Publisher: Badland Publisher
Platforms: PS4, Switch, Xbox One, PC
Reviewed On: Switch
Release Date: 29/06/2021
Reviewed By: Keith Lavelle
Review Rush was kindly supplied with a review code.
It is not every day that a game will come along and the visual style is the one of the major draws for wanting to play. I knew nothing about the game going in to Onirike, besides the fact it looks weird enough to be a Tim Burton film. I had to try.
In Onirike you will play as Prieto in his dreamlike world of the Orb. You are part of a circus, but do not feel as if you belong, as you act and behave differently each night. Whereas the others all repeat the same actions over and over. Prieto is set on finding out his place in the Orb. In order to do this, he will need to help some inhabitants to bring them peace while finding his true nature and place in the Orb.
For Prieto to find his place, he will need to explore the Orb and find the key fragments throughout this dream world. We can collect the key fragments in any order. With the story dynamically changing depending on what Prieto is currently doing.
I have to mention here that the narrater is fantastic. The story is told from a narration point of view, and she does a great job of setting the tone and the mood, but also the different voices for each character.
The gameplay in Onirike is a mix bag, with some aspects feeling better than others. The three fundamental problems for the game these are, the camera, the somewhat floaty controls and there were some frame rate drops.
The camera can be janky, and when jumping for example, the camera can make it harder by moving. This makes judging the jump harder than it should be. This is made as equally hard with the floaty jump that seems to make Prieto stay up for a little too long.
Now the bad is out of the way, lets move on to the rest of the game.
Onirike is an open world platformer that has you on a timer. It is not as bad as it seems; I had the same thoughts as you…. I have a timer. This is going to suck! To my surprise, it is not as bad as it seems and it plays in to the story and the two main mechanics of the game.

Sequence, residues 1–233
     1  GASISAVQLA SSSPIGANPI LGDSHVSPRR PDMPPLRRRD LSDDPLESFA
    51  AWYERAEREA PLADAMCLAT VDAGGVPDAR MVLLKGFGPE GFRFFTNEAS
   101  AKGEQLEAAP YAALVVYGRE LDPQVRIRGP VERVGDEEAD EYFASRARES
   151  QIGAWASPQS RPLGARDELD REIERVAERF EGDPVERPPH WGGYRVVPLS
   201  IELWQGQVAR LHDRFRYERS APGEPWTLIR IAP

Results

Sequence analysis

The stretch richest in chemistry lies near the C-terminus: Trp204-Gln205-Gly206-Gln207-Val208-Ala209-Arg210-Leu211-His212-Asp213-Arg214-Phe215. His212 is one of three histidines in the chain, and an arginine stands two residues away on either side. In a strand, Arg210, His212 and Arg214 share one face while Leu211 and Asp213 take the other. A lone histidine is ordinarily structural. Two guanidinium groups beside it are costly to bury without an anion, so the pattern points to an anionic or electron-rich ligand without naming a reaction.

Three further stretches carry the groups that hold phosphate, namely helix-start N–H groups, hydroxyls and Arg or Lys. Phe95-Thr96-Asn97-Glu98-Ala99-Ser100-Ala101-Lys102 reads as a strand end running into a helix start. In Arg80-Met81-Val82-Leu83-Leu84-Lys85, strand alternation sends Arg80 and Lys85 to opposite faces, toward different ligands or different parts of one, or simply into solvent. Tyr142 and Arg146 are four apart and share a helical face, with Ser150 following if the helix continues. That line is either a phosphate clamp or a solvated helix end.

Throughout the Orb are gypsophila flowers (or Baby’s Breath), these flowers will stop the residents on the Orb form disappearing completely. As you explore the effects of the gypsophila flowers will wear off and Prieto will eventually turn invisible, then disappear all together. In order to bring him back to having a form you need the gypsophila flowers. Outside of the circus they do not grow. Luckily for us, Prieto, when awake, can collect them and plant them wherever he needs them on the Orb. With just one button and they instantly grow. Doing this is the most important mechanic in the game.
As I stated, Onirike has has two mechanics that use the gypsophila flowers. There is the ability to turn Prieto invisible. This is majorly important. In the Orb are monsters called the devour of souls that will attack and well devour the soul of anything it touches. And the only way to get past them unspotted is to go invisible, then when out of danger turn visible again with a gypsophila flower. The other ability is a dash that will see Prieto shoot forward to escape the Devours this will use up the flowers power and if used to long will render Prieto invisible.
I really thought that collecting and planting gypsophila flowers would be tedious, but it feels like second nature after an hour or so. Onirike is not perfect, but the story and the narration kept me coming back for more. The story genuinely shocked me; I was not expecting it to grip me like it did.
Overall, I enjoyed my time with Onirike, despite the controls and camera issues. I found the story enough to keep me engaged. With a weird and wonderful world to explore, it is something different indeed.
I feel the graphics will put a lot of players off this one, but it is in my humble opinion worth a shot.